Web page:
APOORVA S was part of the third round of the Indo-Norwegian Exchange programme of Masters Programme in Public Policy in the year 2017.
Apoorva’s dissertation focuses on significance of urban agricultural policy in city planning.
Here, the author writes on her experience of the exchange program.
A dreamer’s version of Norway
Two months ago I could never image how a student exchange program to Norway would turn out for me. Excited on being selected, I heard and was rather seeking to hear more about Norway. The bits and pieces I heard were masked with episodes of strenuous planning and finishing up the assignments due for the fourth trimester. My thoughts would constantly flutter back to the first year, when I had a brief introduction to the social democratic model in Scandinavian countries. Norway was highlighted for its quality of life, social welfare system, public goods and services. The rare opportunity of spending four weeks in Norway was my window to explore this deeper. As much as I was keen on giving good shape to my research, I wanted a wholesome experience of getting to meet people and explore the art and architectural history of the city. It is said that during summers Norway is a land of midnight sun and the spectacular view of northern lights during winters is enough to inspire people to pack their bags to Norway. Popular accounts of Vikings history, winter sports, ship building and fjords preoccupied me with a lot of imagination.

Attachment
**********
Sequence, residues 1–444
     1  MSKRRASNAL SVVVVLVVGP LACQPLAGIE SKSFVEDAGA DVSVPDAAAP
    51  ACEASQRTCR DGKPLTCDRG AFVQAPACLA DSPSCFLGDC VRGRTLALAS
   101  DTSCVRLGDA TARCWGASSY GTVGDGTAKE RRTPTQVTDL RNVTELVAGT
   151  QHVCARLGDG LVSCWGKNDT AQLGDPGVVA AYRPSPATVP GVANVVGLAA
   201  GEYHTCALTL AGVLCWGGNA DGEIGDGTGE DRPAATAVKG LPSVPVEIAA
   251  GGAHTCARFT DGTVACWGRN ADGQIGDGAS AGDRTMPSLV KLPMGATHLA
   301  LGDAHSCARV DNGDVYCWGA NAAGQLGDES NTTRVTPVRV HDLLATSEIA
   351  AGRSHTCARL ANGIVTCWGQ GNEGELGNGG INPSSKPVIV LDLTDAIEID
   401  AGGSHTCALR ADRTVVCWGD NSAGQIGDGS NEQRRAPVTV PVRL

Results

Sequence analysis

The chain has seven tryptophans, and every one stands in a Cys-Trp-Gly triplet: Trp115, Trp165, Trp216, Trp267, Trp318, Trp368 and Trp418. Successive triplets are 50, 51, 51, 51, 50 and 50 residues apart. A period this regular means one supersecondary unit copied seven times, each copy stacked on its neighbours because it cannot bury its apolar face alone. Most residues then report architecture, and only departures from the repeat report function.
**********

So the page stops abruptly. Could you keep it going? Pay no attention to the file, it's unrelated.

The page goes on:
The Bengalurean vibe: virtues and vices
The low temperatures, rain and freezing October winds of Oslo, made me crave for Bengaluru’s sunshine and benevolent weather. Though Bengaluru has lost its garden city tag that came with the growth of tech parks, it still has an old world charm, welcoming people across the world. In Oslo, the formal ambience, the stillness, discipline, and organized way of life gets to you. It is also overwhelming to notice the minimal presence of people on the roads. Jernbanetorget at Oslo Central Station is a pivotal point that connects one to elsewhere and Ruter, the integrated transport card helps one to access the Metro, Trikk, and Buses in each specific demarcated zone. Such observations would often wake-up the Bengalurean in me. Despite efforts to meet the vast demand for inter-district and inter-city connectivity through public transport in Bengaluru, it falls short in achieving a unified multi-modal transportation, common ticketing system and authority. Very often land for infrastructure is unavailable due to pending permissions from a host of other establishments. Further, the impact of mobility on air quality is not assessed in our cities. The city of Oslo truly allows people to relish nature, despite being surrounded by smart technology and virtual interfaces. This for a Bengalurean resonates admiration and indigenousness.
Discovering leisure and building personal connection
Though Norwegians speak English, it’s the Norwegian that really enables them to connect to others. The two golden words that immediately strikes a chord with them would be “unnskyld meg” meaning excuse me and “takk” meaning thanks. Navigating the mountains, hills and the woods swiftly is another trait of Norwegians. The city is built to enable activities like cycling, hiking, running long distances all throughout the year. The essence of time and work ethic is appreciable in Norway. Working hours are strictly followed. It seems to work as an unwritten law. Holding a work related meeting on a weekend or after working hours, is quite forbidden. The adherence to appointments and equal importance to leisure is a respectable practice. Naturally, I felt like a misfit on discovering this utopian convention. The kind Norwegians pardoned me for the re-scheduled excursions.